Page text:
Over 8,500 people have signed an online petition calling for the government to restore internet access.
A video obtained by Reuters showed police firing tear gas into crowds of thousands of Papuans rallying at the parliament building in the town of Nabire on Thursday after demonstrators threw rocks at them.
There were no reports of protests in Papua on Friday.
Reporting access for foreign journalists in the restive region has been limited, despite Widodo's announcement in 2015 that Papua was open to foreign media.
The latest spate of demonstrations in Papua and across Indonesia was triggered by a racist slur against Papuan students who were hit by tear gas in their dormitory and detained in the city of Surabaya in East Java last week.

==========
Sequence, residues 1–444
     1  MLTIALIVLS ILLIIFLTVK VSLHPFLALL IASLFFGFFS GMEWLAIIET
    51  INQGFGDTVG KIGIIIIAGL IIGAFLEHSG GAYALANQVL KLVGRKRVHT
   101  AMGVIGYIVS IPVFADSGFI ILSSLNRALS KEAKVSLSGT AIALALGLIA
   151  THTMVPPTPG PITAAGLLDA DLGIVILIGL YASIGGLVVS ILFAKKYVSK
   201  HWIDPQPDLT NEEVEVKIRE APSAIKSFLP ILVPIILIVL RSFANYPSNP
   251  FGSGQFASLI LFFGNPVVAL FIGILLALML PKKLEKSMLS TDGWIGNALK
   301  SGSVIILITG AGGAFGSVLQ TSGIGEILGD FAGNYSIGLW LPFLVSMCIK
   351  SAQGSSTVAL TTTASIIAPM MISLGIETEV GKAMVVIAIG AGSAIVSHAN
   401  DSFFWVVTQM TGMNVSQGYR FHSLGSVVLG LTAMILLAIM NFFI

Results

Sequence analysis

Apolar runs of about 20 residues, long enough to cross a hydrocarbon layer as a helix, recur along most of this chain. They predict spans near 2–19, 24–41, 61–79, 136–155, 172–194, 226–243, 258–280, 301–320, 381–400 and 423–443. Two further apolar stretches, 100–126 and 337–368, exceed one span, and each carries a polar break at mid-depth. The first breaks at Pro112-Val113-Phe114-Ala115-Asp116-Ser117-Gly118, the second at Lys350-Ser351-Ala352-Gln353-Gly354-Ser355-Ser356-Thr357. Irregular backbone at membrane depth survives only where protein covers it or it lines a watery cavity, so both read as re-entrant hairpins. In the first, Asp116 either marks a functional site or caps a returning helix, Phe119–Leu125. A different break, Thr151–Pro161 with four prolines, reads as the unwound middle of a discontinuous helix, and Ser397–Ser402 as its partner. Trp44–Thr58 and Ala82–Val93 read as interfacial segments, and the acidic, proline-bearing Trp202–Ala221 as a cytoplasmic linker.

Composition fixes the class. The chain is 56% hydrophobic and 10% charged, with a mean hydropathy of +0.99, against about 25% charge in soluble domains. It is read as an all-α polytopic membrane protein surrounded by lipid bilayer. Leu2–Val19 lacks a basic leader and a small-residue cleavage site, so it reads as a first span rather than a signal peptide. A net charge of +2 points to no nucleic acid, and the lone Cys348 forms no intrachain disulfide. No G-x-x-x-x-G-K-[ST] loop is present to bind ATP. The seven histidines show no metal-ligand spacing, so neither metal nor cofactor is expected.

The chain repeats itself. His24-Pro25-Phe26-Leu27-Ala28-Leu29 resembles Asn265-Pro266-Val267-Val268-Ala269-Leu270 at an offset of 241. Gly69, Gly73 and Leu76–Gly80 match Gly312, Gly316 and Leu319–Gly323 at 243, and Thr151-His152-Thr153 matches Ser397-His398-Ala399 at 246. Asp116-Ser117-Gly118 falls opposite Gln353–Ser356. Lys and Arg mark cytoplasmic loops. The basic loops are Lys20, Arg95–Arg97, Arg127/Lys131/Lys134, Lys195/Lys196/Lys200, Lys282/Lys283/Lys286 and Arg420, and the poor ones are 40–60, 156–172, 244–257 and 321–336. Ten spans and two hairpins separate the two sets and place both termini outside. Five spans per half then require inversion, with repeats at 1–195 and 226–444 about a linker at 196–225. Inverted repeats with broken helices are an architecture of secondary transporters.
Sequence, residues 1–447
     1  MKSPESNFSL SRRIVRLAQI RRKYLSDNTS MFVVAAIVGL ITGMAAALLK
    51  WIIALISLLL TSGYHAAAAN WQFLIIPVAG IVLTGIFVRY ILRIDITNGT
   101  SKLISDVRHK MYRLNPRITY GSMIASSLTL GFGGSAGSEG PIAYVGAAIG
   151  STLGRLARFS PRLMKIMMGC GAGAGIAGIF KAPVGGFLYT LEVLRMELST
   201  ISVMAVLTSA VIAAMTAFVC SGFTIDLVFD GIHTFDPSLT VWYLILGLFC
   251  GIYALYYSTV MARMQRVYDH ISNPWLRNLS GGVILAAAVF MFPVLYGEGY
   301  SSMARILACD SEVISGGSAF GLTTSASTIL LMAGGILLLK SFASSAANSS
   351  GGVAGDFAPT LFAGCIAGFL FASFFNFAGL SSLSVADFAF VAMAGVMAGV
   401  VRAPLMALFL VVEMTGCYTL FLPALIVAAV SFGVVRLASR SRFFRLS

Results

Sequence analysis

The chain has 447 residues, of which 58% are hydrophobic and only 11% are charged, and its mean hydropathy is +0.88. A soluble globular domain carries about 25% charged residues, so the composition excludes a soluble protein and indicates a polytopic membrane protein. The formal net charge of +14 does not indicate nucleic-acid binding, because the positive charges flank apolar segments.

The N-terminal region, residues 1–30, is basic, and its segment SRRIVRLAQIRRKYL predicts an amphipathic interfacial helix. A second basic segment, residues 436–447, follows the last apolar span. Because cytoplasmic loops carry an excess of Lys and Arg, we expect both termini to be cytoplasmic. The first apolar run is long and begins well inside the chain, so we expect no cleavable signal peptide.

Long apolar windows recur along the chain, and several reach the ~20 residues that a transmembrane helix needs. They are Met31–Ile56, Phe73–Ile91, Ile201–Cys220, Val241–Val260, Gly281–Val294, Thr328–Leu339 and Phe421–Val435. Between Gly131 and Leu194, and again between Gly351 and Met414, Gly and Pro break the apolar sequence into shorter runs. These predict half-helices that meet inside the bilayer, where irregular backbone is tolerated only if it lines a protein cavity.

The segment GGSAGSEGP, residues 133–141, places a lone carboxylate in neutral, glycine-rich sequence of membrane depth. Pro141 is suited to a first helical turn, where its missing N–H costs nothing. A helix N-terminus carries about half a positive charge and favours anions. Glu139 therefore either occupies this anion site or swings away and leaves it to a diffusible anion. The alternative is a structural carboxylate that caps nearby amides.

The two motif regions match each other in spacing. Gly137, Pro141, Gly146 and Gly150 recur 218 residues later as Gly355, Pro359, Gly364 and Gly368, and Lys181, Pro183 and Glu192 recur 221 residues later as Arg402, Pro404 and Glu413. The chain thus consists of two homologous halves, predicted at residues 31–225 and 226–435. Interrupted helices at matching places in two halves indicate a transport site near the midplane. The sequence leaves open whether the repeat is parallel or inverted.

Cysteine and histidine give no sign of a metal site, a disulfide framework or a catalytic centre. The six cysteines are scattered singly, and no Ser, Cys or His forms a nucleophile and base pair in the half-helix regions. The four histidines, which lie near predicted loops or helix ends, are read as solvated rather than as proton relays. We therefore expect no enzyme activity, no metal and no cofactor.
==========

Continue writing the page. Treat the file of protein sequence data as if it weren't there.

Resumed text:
The rallies grew in several places into a broader demand for an independence referendum.
Papua and West Papua provinces, the resource-rich western part of the island of New Guinea, were a Dutch colony that was incorporated into Indonesia after a widely criticised U.N.-backed referendum in 1969.
Asked about the demand for an independence vote, Luhut Pandjaitan, a senior minister, said: "There's no such thing." (Reporting by Jessica Damiana and Gayatri Suroyo; Additional reporting by Wilda Asmarini; Editing by Paul Tait & Kim Coghill)